Pastoral Ministry
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Solid Ground

From San Francisco's Golden Gate bridge, past the sheer cliffs of Big Sur to the sun-drenched beaches of Southern California, the views along the 644 miles of Highway 1 are breathtaking. The views of the Pacific crashing against the shore compete with the rugged beauty of the mountains, forests and gentle hills of California's Central Coast. No wonder economists estimate that the Highway brings several billion dollars in tourism to the state every year.

Beautiful? Absolutely. No wonder engineers have found a way to take the road where no road was meant to go--across protected wetlands, over deep arroyos, and through active landslide areas, not to mention the earthquake faults. Highway 1 is in a constant struggle to survive. Cal Trans (California Department of Transportation) is constantly rebuilding the road after the adjacent mountain slides into the ocean, taking chunks of the Highway with it.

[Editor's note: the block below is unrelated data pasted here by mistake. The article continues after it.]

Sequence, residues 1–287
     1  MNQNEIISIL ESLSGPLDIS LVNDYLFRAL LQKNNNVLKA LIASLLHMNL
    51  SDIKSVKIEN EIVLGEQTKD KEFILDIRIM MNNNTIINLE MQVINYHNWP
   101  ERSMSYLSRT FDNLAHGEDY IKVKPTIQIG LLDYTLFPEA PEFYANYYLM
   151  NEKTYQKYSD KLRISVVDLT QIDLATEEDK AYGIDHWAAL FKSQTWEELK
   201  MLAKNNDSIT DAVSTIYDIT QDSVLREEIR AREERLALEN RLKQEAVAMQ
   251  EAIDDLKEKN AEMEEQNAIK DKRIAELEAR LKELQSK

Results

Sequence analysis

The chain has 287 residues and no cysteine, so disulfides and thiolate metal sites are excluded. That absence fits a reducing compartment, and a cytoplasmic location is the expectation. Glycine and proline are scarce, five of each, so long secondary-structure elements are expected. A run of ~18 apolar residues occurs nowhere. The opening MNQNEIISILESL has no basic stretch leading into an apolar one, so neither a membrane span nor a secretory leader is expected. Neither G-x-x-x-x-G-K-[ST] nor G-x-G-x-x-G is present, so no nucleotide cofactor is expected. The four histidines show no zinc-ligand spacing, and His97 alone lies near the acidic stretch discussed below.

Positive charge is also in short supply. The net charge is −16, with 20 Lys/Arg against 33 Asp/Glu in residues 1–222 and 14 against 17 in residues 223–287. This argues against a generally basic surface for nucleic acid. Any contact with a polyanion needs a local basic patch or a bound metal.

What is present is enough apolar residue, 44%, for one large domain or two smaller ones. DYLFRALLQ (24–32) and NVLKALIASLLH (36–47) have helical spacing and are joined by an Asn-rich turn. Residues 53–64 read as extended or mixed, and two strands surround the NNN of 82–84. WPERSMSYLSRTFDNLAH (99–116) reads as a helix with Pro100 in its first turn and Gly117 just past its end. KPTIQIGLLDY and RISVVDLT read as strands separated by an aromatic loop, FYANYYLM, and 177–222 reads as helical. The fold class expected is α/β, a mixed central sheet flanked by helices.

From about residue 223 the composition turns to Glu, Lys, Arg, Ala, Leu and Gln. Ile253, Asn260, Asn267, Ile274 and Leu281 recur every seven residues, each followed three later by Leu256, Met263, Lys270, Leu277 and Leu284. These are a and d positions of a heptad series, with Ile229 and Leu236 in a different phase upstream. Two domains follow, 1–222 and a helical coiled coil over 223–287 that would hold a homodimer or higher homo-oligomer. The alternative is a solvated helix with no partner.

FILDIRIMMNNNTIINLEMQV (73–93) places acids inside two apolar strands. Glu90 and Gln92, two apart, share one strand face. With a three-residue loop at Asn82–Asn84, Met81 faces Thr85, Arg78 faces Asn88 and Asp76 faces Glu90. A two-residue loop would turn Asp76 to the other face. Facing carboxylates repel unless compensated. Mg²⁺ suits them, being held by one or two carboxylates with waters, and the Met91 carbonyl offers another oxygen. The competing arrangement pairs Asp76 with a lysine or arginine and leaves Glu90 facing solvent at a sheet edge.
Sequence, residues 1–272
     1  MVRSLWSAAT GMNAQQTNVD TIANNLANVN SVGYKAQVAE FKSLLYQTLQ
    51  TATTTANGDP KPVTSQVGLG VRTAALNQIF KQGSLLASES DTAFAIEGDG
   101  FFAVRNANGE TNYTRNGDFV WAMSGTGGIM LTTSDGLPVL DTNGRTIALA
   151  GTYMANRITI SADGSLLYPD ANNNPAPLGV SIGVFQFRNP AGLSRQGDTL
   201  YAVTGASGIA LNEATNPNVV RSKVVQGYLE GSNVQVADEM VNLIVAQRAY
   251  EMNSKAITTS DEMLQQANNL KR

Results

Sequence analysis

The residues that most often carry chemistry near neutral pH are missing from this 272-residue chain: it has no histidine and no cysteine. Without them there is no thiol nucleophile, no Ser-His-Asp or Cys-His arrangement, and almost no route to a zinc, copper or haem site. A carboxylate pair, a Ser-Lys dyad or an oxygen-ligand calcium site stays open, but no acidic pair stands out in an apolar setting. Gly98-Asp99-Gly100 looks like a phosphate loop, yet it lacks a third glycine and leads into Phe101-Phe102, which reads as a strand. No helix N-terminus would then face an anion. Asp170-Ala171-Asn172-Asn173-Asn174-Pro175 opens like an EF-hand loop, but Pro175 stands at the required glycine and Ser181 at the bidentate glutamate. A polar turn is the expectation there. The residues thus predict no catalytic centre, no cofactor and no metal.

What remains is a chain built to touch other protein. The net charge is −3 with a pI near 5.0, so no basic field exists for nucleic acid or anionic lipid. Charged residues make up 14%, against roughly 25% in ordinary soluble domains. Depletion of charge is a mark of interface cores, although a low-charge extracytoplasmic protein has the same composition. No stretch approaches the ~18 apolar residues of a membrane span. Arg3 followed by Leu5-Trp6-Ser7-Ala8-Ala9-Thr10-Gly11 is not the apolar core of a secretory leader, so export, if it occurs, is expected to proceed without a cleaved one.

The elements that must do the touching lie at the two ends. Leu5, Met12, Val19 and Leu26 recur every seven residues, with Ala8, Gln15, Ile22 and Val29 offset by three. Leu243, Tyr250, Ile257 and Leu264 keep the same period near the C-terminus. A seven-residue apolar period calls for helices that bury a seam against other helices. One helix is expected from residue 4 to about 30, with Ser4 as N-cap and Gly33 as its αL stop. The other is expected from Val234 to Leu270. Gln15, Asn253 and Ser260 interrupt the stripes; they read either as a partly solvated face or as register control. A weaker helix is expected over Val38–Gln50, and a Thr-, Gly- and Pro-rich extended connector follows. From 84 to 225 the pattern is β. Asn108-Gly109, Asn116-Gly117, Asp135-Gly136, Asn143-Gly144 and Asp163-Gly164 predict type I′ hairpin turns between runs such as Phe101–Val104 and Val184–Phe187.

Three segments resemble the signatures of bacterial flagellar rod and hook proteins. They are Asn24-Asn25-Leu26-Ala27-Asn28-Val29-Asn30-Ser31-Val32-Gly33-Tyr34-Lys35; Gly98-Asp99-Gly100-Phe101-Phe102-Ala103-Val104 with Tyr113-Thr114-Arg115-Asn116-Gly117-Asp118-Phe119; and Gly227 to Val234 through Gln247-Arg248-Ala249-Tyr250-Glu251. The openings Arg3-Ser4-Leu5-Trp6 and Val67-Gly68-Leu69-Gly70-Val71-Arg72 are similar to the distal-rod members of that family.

Since I live less than a mile from Highway 1, I'm grateful for the work Cal Trans does. I even understand why they exert the effort. If a mudslide takes the road out, they can always rebuild it. But what I don't understand is why people would build their homes in areas that have constant mudslides. Replacing a section of road is one thing, but a home is another. Homes are filled with memories, irreplaceable keepsakes and our loved ones. Nothing is worth jeopardizing the safety of loved ones. 

Wisdom dictates that builders choose a solid surface, not a shifting one for a building's foundation. To know the importance of a solid foundation and still choose a shifting one is foolish, and will result in destruction.

"Anyone, then, who knows the good he ought to do and doesn't do it, sins." (James 4:17 NIV)

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365 Days includes Volumes 1-4
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Impact Preaching: A Case for the
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